May 10, 2012|
(UK) Directed by Andrea Arnold. Starring James Howson, Kaya Scodelario, Solomon Glave, Shannon Beer, Nichola Burley, Lee Shaw. Category IIA.
In an unexpectedly bold and refreshing cinematic experiment, Andrea Arnold tackles Emily Brontë’s “Wuthering Heights” and presents the often-adapted staple of English literature like you’ve never seen it before. Peeling the intricate, multigenerational classic story down to a simple and focused tragic romance between two troubled youths, the UK writer-director’s first period drama and third feature—following “Red Road” and award-darling “Fish Tank”—is shot with an almost obsessive emphasis on poetic naturalism. The result, though undoubtedly admirable, isn’t entirely successful, as the film gains an unforgettably stunning look from such highly-stylized aesthetics but falls flat emotionally and dramatically.
Those familiar with the 1847 novel—or William Wyler’s faithful 1939 Hollywood version—will easily spot the radical structural and narrative alternations in Arnold’s intriguing rendering. Of the book’s two narrators, maid Nelly is reduced to a supporting character and houseguest Lockwood is completely cut out of the picture. Instead, the story is told through the perspective of our Byronic hero, Heathcliff (played by Solomon Glave as a teen and James Howson as an adult), an orphan picked up by Mr. Earnshaw from the streets of Liverpool and raised as his foster son at the titular rural northern England manor. Taking the book’s “dark skin, dark hair, dark mood” description quite literally, Arnold casts Heathcliff not as a white gypsy but as an African boy—a daring decision that gives a strongly racist angle to the hostility surrounding him.
Though constantly running afoul of Earnshaw’s sadist son Hindley (Lee Shaw), Heathcliff becomes increasingly closer to Hindley’s younger sister Catherine (Shannon Beer, and later Kaya Scodelario as a young woman). Their intimacy is both chaste and sexually charged. Just when we’re used to watching their innocent frolicking around the farmlands, surprising scenes of unsettling intensity appear as she licks blood off of his wounded back, or he straddles her while she’s lying down, struggling in a muddy field. He’s a cruel man, a force of nature; but though his love is brutal, it’s also painfully pure. The tale takes an agonizing turn when Hindley becomes master of the house after his father’s death, and briskly degrades Heathcliff to a servant—someone whom Catherine cannot marry.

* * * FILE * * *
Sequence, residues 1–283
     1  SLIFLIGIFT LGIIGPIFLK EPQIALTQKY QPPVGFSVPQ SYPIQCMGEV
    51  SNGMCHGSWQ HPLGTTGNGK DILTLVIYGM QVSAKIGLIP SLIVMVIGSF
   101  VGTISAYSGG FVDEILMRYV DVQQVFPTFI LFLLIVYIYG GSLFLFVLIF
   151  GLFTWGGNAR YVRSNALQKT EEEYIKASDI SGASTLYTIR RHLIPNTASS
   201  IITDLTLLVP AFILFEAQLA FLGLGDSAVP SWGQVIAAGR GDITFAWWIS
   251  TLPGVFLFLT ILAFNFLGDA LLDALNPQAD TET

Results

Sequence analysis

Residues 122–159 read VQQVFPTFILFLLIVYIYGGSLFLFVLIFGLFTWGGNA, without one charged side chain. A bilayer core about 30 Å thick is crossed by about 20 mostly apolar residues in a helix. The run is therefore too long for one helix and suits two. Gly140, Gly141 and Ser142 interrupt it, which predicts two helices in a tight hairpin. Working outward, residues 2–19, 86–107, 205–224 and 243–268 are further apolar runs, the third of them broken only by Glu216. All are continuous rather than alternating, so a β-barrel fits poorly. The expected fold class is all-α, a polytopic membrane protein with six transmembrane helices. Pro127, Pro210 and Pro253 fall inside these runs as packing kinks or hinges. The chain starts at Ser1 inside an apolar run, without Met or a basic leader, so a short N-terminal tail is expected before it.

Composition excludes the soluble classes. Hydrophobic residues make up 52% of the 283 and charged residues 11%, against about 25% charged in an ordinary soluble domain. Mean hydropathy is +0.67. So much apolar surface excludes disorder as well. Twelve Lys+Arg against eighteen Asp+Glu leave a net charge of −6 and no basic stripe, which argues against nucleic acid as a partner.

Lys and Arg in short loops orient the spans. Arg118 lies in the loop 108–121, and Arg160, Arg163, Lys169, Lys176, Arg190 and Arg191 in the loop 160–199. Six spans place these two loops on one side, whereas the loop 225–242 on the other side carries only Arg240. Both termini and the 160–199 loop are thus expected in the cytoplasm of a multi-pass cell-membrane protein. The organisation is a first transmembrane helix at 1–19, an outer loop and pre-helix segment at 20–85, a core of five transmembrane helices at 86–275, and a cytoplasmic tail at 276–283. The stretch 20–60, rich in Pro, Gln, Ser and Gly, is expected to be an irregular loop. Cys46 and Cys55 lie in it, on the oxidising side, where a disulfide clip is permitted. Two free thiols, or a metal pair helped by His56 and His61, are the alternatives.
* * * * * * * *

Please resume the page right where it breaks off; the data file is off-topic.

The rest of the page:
The patient and exquisite handheld camerawork by Robbie Ryan (who has collaborated with Arnold on her previous films) impeccably frames the natural landscapes of the beautiful Yorkshire moors, the fickle weather and the human actions. There’s a rare, tactile quality in his lensing that allows us to enter Heathcliff’s body, feel the wind sweeping by his feet, taste the raindrops on his face and smell the scent of Catherine’s flowing hair on a horseback ride. The stunning visuals, however, don’t pay off in the storytelling, especially when the film enters its second half, when the protagonist—having left Catherine and Wuthering Heights unannounced on a stormy night—returns three years later as a wealthy man, seeking love and revenge. In the original material, the story races towards a tumultuous climax at this point; but in the film, the repetitive display of slow, atmospheric sequences and draggy pacing—created by editor Nicolas Chaudeurge—result in an aesthetic fatigue and deprive the story of its fierce power and passion.
Arnold also took a misstep by casting non-professionals (with the exception of Scodelario) in the leading roles. Subject matter-wise, “Heights” can be compared to Cary Fukunaga’s solid rendition of Charlotte Brontë’s “Jane Eyre” and Jane Campion’s “Bright Star.” A great part of these two films’ successes is due to the visceral performances by their stellar casts. And unfortunately, in “Heights,” the central thespians’ monotonous delivery creates an emotional vacuum that prevents us from fully sympathizing with the characters. Natural lights and sounds complete the austere and taciturn film, which, like most “Heights” adaptations, ends before the yarns of the next generation begin. Bizarrely, the final sequences and end credits are accompanied by an arguably unfitting Mumford & Sons song. Never mind, “Heights“ may not deserve all of its 128-minute running time, but at least it remains a gorgeous picture for the eyes.